Human Rights

Justin Costa | Program Coordinator, The Center for Self-Reliance Food Pantries
Community Action Pioneer Valley

Seventy years ago, on December 10, 1948, the United Nations General Assembly adopted The Universal Declaration of Human Rights. The United States, under the leadership of First Lady Eleanor Roosevelt, was one of forty-eight nations voting in support of this historic document.  Its preamble begins with:

“Whereas recognition of the inherent dignity and of the equal and inalienable rights of all members of the human family is the foundation of freedom, justice and peace in the world”

The words in the 30 articles that follow resonate with many of the beliefs that led me to my work today at Community Action Pioneer Valley and my involvement in the Coalition to End Hunger. Article 25 speaks loudest to me:

(1) Everyone has the right to a standard of living adequate for the health and well-being of himself and of his family, including food, clothing, housing and medical care and necessary social services, and the right to security in the event of unemployment, sickness, disability, widowhood, old age or other lack of livelihood in circumstances beyond his control.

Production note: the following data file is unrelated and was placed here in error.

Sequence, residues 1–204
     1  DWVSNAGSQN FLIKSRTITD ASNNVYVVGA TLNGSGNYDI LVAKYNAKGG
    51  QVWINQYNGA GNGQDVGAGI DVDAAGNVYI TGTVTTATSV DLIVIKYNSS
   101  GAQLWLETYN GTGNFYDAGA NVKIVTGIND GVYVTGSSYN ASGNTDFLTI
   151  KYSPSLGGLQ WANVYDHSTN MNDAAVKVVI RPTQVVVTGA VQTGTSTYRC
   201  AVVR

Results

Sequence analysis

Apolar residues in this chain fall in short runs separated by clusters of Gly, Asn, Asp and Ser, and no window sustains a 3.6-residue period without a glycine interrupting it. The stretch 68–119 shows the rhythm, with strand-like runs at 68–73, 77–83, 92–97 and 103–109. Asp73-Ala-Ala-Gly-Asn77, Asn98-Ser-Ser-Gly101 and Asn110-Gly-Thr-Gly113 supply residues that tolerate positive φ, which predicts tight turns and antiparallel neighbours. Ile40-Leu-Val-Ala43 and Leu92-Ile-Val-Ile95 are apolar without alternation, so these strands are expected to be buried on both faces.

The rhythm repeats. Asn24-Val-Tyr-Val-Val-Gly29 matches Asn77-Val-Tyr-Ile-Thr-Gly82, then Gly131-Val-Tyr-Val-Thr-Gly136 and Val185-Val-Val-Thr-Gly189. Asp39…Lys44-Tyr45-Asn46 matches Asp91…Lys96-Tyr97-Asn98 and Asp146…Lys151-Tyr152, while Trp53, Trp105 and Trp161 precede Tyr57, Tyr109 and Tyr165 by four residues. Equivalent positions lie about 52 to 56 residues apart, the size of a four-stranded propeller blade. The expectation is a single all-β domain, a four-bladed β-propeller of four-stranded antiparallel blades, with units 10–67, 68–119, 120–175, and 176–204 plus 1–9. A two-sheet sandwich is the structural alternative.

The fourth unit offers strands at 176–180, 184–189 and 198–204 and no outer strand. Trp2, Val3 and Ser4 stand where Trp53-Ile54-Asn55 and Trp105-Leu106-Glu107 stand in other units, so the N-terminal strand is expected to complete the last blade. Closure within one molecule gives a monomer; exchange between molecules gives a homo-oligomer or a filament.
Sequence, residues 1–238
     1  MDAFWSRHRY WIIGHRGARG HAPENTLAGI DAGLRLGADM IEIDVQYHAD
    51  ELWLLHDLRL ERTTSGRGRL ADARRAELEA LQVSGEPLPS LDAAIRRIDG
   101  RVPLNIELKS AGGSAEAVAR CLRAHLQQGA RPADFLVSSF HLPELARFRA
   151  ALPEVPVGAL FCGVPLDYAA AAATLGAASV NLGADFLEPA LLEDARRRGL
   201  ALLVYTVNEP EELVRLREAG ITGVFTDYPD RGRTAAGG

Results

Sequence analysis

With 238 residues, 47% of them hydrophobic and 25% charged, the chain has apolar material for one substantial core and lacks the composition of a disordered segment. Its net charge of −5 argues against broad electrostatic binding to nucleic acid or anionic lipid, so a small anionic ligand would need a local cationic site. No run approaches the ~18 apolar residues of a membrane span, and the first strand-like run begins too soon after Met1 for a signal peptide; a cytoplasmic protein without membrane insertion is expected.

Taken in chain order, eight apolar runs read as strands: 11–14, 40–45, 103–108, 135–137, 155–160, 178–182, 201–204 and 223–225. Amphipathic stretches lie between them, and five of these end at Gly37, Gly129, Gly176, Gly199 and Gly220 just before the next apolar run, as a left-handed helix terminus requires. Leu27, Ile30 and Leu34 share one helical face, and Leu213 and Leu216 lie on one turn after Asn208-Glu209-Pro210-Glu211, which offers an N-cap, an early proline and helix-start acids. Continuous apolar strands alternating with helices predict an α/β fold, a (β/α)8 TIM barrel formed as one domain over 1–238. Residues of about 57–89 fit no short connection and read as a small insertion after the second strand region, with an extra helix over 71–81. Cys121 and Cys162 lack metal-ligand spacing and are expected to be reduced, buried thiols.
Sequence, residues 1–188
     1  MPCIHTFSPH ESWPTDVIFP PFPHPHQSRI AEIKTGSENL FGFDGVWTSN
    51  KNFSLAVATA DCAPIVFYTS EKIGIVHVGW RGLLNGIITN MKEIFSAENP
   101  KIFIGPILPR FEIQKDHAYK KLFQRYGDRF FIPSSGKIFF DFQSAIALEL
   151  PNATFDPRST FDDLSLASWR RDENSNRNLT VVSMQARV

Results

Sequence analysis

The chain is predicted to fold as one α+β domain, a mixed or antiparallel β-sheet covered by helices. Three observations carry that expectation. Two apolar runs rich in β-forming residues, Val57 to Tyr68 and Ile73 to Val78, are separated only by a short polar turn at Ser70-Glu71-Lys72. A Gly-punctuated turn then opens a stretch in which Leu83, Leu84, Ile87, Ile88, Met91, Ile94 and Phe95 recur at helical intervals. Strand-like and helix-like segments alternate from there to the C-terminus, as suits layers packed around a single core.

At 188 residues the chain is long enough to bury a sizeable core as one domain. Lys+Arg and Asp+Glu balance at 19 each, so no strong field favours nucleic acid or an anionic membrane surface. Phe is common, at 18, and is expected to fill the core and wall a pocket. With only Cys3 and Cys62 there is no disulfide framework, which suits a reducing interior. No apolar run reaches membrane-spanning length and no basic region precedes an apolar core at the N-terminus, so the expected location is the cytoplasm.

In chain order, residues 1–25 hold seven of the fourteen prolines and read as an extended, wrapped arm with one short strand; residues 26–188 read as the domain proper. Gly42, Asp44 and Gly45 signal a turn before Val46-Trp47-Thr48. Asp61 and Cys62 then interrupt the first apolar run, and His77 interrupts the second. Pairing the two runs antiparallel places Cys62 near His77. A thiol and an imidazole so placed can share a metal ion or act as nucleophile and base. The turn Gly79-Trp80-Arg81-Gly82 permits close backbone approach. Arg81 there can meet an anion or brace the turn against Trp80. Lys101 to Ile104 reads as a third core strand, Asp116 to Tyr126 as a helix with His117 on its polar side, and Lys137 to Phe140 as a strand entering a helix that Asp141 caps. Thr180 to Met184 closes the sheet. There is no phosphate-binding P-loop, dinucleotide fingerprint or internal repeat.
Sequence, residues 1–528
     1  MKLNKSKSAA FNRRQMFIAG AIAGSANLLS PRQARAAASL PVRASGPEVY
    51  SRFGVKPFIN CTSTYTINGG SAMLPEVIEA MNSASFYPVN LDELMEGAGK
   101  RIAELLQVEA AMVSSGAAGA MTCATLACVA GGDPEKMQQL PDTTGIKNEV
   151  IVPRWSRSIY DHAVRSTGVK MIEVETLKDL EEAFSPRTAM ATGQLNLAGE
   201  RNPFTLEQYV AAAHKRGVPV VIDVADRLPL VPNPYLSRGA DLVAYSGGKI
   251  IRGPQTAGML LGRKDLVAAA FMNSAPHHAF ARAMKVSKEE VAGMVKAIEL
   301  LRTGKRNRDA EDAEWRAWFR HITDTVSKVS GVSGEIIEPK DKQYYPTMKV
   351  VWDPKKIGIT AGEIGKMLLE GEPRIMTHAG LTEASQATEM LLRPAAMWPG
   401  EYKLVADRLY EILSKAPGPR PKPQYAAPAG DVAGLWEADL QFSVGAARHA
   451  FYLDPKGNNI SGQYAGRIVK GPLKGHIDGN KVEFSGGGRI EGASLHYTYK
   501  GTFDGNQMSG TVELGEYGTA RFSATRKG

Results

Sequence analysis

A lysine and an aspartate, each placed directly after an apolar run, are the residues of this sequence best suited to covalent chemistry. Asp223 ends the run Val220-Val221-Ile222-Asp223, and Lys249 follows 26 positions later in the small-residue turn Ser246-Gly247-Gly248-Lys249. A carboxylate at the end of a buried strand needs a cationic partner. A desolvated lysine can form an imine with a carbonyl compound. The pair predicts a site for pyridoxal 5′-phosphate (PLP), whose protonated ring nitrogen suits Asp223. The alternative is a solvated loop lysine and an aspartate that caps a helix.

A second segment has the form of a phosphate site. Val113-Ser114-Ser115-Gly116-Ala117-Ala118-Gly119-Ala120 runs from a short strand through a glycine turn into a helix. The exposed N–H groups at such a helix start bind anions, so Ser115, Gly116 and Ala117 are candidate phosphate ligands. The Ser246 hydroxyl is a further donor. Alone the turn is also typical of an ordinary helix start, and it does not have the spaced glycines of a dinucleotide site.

(2) Motherhood and childhood are entitled to special care and assistance. All children, whether born in or out of wedlock, shall enjoy the same social protection.

Seventy years later, I work true to the conviction that food is not just a human need, it is a human right. I am reminded of — and humbled by — the tremendous efforts being made by thousands of community members throughout western Massachusetts to ensure our neighbors in need have access to food, clothing, housing and medical care. However, despite these efforts (which I applaud), we fall short of living-up to a society where the “right of an adequate standard of living” is attainable. Trying to attain that right for everyone is why I am a member of the Coalition to End Hunger, and what propels me each day.

December 10th, 2018 has another significance. It is the last day for the public to submit comment on The Federal Administrations proposed changes to the “Public Charge” policy.  Changes that would effect as many as 500,000 Massachusetts residents and put many families in a position of having to choose between their future and access to resources for which they legally qualify. In recognition of this 70th anniversary, my immigrant grandparents, and my friends and neighbors, I submitted my comment with pride.